T-Mobile Keys Group Targeting Verizon-MSO Deal

Also: Foxconn preps for Apple's TV; AT&T halts sales of Xbox 360 U-verse kit; NBC exec frets about Dish's new ad-zapper

Jeff Baumgartner, Senior Editor

May 14, 2012

3 Min Read
T-Mobile Keys Group Targeting Verizon-MSO Deal

Here's what's pushing cable's buttons on Monday morning.

  • T-Mobile US Inc. , the RCA-The Competitive Carriers Association and Free Press are among the entities forming the Alliance for Broadband Competition, a group that's come out against Verizon Wireless 's proposed purchase of Advanced Wireless Services (AWS) spectrum from four major MSOs. They're holding a conference Monday afternoon to outline the group's agenda, but initial reports indicate that it will try to block the deal or urge the Federal Communications Commission (FCC) to impose tough conditions. (See Sparks Start to Fly in VZ Wireless-MSO Deal and FCC Lengthens Review of Verizon's Spectrum Deal .)

  • Foxconn Electronics Inc. Chairman Terry Gou has apparently let out that the Chinese manufacturing giant is preparing its facilities for Apple Inc. (Nasdaq: AAPL)'s long-rumored HDTV set. Gou didn't indicate when production would begin or what sort of launch date Apple has in mind for the device, but did note at a news conference in Shanghai that Foxconn's factory joint venture with Sharp Electronics Corp. in Japan is one of the steps being made in preparation, according to the China Daily. (See Who Will Land the Apple Television? and Jobs Bio Confirms Apple Television Plan .)

  • AT&T has temporarily halted orders on a $99 hardware kit that effectively turns Xbox 360 game consoles into an IPTV receiver that supports the telco's U-Verse TV service, noting on its site that it's making modifications to "improve and enhance this functionality." AT&T hasn't detailed what improvements it has in mind or said when orders would resume, but Multichannel News reports that AT&T stopped offering the kit last October. Netflix Inc. (Nasdaq: NFLX), by the way, is upset that U-verse on the game console is exempt from AT&T's monthly bandwidth caps. (See Netflix Cranks Up the Net Neutrality Heat and Xbox 360 Joins the U-verse Lineup .)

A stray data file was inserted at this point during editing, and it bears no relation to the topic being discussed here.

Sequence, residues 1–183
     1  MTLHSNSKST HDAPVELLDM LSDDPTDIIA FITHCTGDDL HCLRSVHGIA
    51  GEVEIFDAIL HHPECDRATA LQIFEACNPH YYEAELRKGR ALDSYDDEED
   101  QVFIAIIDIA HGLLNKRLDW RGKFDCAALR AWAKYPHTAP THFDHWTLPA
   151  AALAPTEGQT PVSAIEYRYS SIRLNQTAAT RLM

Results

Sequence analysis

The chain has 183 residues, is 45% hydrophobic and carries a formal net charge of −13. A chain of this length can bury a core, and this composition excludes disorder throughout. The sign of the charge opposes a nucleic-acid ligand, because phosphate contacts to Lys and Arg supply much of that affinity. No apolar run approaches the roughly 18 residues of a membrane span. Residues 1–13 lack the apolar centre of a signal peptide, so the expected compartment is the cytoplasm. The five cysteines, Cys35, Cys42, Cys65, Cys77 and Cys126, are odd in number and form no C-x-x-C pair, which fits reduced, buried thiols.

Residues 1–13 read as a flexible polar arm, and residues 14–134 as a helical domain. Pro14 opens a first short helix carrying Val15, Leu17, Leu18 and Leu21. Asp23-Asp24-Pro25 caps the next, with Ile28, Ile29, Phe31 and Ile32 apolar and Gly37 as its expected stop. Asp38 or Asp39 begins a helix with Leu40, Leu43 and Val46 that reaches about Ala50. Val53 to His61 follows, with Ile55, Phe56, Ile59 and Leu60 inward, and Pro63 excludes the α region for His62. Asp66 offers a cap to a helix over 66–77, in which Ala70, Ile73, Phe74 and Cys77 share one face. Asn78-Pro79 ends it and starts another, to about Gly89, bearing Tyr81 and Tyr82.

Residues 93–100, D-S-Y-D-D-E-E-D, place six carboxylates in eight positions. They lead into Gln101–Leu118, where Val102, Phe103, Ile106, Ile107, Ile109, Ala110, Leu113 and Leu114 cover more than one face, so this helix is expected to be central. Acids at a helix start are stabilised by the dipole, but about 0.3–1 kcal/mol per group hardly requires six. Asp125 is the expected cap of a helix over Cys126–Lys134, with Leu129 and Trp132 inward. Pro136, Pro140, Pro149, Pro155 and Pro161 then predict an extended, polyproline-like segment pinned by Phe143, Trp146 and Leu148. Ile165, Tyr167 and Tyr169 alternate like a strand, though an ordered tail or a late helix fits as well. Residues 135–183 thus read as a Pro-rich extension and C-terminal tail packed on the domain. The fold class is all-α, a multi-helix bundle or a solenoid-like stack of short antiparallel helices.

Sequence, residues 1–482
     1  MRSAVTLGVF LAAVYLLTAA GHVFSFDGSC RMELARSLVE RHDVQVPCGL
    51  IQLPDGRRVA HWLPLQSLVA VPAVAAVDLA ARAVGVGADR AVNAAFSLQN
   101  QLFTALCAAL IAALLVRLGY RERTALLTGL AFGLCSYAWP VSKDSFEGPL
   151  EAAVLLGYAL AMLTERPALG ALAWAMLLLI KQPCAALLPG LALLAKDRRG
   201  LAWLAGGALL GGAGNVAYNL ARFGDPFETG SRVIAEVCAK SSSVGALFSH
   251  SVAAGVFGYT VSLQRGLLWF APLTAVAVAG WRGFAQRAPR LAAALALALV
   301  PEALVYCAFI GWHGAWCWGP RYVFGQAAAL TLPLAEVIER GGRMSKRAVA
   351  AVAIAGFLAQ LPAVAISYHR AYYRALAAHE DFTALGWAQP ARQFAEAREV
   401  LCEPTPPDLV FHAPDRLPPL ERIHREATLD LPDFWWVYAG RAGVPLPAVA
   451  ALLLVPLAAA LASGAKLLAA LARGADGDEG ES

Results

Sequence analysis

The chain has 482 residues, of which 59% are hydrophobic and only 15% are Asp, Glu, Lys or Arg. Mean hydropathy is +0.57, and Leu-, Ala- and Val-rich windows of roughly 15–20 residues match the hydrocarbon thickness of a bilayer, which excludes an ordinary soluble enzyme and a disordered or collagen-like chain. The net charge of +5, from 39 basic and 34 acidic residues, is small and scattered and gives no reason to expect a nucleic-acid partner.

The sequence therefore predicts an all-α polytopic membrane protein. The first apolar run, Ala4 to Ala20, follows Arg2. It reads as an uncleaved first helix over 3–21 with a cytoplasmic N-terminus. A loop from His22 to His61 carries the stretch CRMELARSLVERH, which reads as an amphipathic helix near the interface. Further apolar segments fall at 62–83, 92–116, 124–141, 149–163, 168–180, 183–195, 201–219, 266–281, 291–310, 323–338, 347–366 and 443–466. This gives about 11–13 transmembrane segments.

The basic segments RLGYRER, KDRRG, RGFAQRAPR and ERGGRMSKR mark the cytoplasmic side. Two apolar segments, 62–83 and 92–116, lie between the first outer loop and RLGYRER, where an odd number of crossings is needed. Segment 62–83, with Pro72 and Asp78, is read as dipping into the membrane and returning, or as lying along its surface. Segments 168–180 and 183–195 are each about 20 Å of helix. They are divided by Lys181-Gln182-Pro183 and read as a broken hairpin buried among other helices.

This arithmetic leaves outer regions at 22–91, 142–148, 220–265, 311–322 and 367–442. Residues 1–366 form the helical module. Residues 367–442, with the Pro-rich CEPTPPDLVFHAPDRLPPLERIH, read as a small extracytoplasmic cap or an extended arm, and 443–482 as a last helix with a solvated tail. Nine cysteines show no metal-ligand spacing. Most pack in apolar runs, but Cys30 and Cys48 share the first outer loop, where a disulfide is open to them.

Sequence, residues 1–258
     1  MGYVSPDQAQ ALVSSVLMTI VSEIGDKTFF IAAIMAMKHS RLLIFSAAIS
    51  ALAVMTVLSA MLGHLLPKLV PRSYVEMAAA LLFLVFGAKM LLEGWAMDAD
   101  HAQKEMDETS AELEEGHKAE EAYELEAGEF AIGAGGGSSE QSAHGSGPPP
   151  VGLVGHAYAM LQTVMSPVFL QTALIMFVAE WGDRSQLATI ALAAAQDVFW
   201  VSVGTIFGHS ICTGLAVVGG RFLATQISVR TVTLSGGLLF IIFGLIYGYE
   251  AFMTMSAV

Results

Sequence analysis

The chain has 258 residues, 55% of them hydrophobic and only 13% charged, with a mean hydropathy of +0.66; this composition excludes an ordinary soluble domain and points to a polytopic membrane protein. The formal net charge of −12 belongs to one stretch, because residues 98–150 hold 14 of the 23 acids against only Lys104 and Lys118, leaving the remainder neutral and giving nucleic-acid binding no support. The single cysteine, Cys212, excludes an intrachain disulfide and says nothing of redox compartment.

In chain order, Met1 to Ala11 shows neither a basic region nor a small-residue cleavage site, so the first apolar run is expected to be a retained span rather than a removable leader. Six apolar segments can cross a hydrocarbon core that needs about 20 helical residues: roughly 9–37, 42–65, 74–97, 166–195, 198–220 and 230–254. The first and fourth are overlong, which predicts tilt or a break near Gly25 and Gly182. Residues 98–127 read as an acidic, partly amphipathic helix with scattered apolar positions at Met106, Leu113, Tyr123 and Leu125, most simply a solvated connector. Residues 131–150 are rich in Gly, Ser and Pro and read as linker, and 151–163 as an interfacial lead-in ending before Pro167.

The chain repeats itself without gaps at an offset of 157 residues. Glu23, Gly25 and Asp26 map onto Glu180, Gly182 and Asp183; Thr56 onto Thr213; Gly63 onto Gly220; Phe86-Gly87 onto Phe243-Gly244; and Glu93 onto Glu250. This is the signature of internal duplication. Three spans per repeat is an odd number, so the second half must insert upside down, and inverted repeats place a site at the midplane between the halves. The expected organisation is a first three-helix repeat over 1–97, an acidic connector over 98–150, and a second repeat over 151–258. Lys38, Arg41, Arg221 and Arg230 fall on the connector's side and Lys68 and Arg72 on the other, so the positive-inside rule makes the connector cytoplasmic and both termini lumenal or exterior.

• U.S. broadcasters have yet to file a lawsuit against Auto Hop, a new feature from Dish Network LLC (Nasdaq: DISH) that lets users of its new Hopper DVR automatically skip commercials in TV shows recorded during the primetime period, but it's clear that the networks aren't wild about the idea, either. "I think this is an attack on our ecosystem," NBC Broadcasting Chairman Ted Harbert said as the network discussed its upcoming primetime schedule. (See Dish Sticks It to the Broadcasters .)

  • Jeff Binder, the former CEO of Broadbus Technologies (now part of Motorola Mobility LLC ) and a general partner at Genovation Capital LLC , has joined the board of This Technology LLC , a startup that makes dynamic ad insertion software for video-on-demand, TV Everywhere and IPTV services and applications. Binder joins existing directors Jim Ramo and Scott Gallin. (See Startup Seeks Open-Source VoD Ad-Vantage, Cable Vets Launch VC Firm and Motorola Scoops Up Broadbus.)

    — Jeff Baumgartner, Site Editor, Light Reading Cable

About the Author(s)

Jeff Baumgartner

Senior Editor, Light Reading

Jeff Baumgartner is a Senior Editor for Light Reading and is responsible for the day-to-day news coverage and analysis of the cable and video sectors. Follow him on X and LinkedIn.

Baumgartner also served as Site Editor for Light Reading Cable from 2007-2013. In between his two stints at Light Reading, he led tech coverage for Multichannel News and was a regular contributor to Broadcasting + Cable. Baumgartner was named to the 2018 class of the Cable TV Pioneers.

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